Cross-posted from Consortium News
Russian President Vladimir Putin addresses a crowd on May 9, 2014, celebrating the 69th anniversary of victory over Nazi Germany and the 70th anniversary of the liberation of the Crimean port city of Sevastopol from the Nazis.
(image by (Russian government photo))
As nuclear-armed America hurtles into a completely avoidable crash with nuclear-armed Russia over Ukraine, you can now see the dangers of "information warfare" when facts give way to propaganda and the press fails to act as an impartial arbiter.
In this sorry affair, one of the worst offenders of journalistic principles has been the New York Times, generally regarded as America's premier newspaper. During the Ukraine crisis, the Times has been little more than a propaganda conveyor belt delivering what the U.S. government wants out via shoddy and biased reporting from the likes of Michael R. Gordon and David Herszenhorn.
U.S. and Ukrainian government officials began pushing this narrative immediately after the plane went down on July 17 killing 298 people onboard. But the only evidence has been citations of "social media" and the snippet of an intercepted phone call containing possibly confused comments by Ukrainian rebels after the crash, suggesting that some rebels initially believed they had shot the plane down but later reversed that judgment.
A major problem with this evidence is that it assumes the rebels -- or for that matter the Ukrainian armed forces -- operate with precise command and control when the reality is that the soldiers on both sides are not very professional and function in even a deeper fog of war than might exist in other circumstances.
But an even bigger core problem for the U.S. narrative is that it is virtually inconceivable that American intelligence did not have satellite and other surveillance on eastern Ukraine at the time of the shoot-down. Yet the U.S. government has been unable (or unwilling) to supply a single piece of imagery showing the Russians supplying a Buk anti-aircraft missile battery to the rebels; the rebels transporting the missiles around eastern Ukraine; the rebels firing the fateful missile that allegedly brought down the Malaysian airliner; or the rebels then returning the missiles to Russia.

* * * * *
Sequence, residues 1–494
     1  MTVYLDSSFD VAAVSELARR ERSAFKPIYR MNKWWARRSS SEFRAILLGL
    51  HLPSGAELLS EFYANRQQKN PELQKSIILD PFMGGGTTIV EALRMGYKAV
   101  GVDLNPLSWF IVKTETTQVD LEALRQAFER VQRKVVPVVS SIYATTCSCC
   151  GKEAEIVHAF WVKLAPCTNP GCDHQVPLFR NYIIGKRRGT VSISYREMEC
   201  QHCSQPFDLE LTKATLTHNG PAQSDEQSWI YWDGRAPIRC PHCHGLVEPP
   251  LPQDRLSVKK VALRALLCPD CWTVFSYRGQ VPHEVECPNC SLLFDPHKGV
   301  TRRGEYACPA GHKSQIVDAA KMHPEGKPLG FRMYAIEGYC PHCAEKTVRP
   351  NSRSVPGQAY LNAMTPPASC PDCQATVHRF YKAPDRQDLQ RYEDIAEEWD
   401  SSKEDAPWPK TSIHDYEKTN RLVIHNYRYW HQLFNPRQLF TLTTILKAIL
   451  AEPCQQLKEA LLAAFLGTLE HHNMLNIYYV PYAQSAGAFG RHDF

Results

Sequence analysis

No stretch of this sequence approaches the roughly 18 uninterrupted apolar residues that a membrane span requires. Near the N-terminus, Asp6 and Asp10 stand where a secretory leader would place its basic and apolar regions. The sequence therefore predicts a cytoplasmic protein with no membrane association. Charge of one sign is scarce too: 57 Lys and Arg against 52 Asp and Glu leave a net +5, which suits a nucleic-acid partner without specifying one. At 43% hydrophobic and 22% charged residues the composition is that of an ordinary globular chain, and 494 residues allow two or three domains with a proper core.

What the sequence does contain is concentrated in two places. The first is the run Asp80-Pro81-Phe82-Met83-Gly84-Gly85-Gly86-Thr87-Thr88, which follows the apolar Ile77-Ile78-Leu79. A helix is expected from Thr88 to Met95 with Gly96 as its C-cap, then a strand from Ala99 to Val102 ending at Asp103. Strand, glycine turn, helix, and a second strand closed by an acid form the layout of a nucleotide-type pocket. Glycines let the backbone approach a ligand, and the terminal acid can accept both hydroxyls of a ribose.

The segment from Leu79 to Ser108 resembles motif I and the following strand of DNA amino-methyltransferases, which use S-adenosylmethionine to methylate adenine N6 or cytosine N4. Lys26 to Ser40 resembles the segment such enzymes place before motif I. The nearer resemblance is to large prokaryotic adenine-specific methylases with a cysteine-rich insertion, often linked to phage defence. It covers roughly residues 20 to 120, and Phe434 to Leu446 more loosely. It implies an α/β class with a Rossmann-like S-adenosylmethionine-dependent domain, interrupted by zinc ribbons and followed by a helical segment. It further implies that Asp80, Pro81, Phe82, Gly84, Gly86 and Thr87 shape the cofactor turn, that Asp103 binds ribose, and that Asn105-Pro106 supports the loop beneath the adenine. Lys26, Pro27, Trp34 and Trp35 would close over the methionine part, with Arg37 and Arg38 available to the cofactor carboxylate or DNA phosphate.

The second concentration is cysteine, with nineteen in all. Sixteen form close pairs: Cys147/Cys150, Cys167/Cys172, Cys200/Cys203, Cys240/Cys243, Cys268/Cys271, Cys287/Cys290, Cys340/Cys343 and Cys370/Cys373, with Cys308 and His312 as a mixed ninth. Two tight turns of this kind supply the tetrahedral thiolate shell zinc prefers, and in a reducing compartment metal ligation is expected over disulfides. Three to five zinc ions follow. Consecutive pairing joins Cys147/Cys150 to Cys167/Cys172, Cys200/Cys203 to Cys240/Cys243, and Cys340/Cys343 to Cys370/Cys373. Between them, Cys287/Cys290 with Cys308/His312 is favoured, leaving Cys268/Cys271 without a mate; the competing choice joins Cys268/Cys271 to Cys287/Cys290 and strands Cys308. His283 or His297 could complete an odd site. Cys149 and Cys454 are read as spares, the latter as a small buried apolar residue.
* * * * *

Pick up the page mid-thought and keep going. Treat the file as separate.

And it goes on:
To accept Official Washington's certainty about what it "knows" happened, you would have to believe that American spy satellites -- considered the best in the world -- could not detect 16-foot-tall missiles during their odyssey around Russia and eastern Ukraine. If that is indeed the case, the U.S. taxpayers should demand their billions upon billions of dollars back.
However, the failure of U.S. intelligence to release its satellite images of Buk missile batteries in eastern Ukraine is the "dog-not-barking" evidence that this crucial evidence to support the U.S. government's allegations doesn't exist. Can anyone believe that if U.S. satellite images showed the missiles crossing the border, being deployed by the rebels and then returning to Russia, that those images would not have been immediately declassified and shown to the world? In this case, the absence of evidence is evidence of absence -- absence of U.S. evidence.
The U.S. government's case also must overcome public remarks by senior U.S. military personnel at variance with the Obama administration's claims of certainty. For instance, the Washington Post's Craig Whitlock reported last Saturday that Air Force Gen. Philip M. Breedlove, U.S. commander of NATO forces in Europe, said last month that "We have not seen any of the [Russian] air-defense vehicles across the border yet."
Whitlock also reported that "Rear Adm. John Kirby, the Pentagon press secretary, said defense officials could not point to specific evidence that an SA-11 [Buk] surface-to-air missile system had been transported from Russia into eastern Ukraine."
There's also the possibility that a Ukrainian government missile -- either from its own Buk missile batteries fired from the ground or from a warplane in the sky -- brought down the Malaysian plane. I was told by one source who had been briefed by U.S. intelligence analysts that some satellite images suggest that the missile battery was under the control of Ukrainian government troops but that the conclusion was not definitive.
Plus, there were reports from eyewitnesses in the area of the crash that at least one Ukrainian jet fighter closed on the civilian plane shortly before it went down. The Russian government also has cited radar data supposedly showing Ukrainian fighters in the vicinity.
Need for a Real Inquiry
What all this means is that a serious and impartial investigation is needed to determine who was at fault and to apportion accountability. But that inquiry is still underway with no formal conclusions.
So, in terms of journalistic professionalism, a news organization should treat the mystery of who shot down Flight 17 with doubt. Surely, no serious journalist would jump to the conclusion based on the dubious claims made by one side in a dispute while the other side is adamant in its denials, especially with the stakes so high in a tense confrontation between two nuclear powers.
But that is exactly what the Times did in describing new U.S. plans to escalate the confrontation by possibly supplying tactical intelligence to the Ukrainian army so it can more effectively wage war against eastern Ukrainian rebels.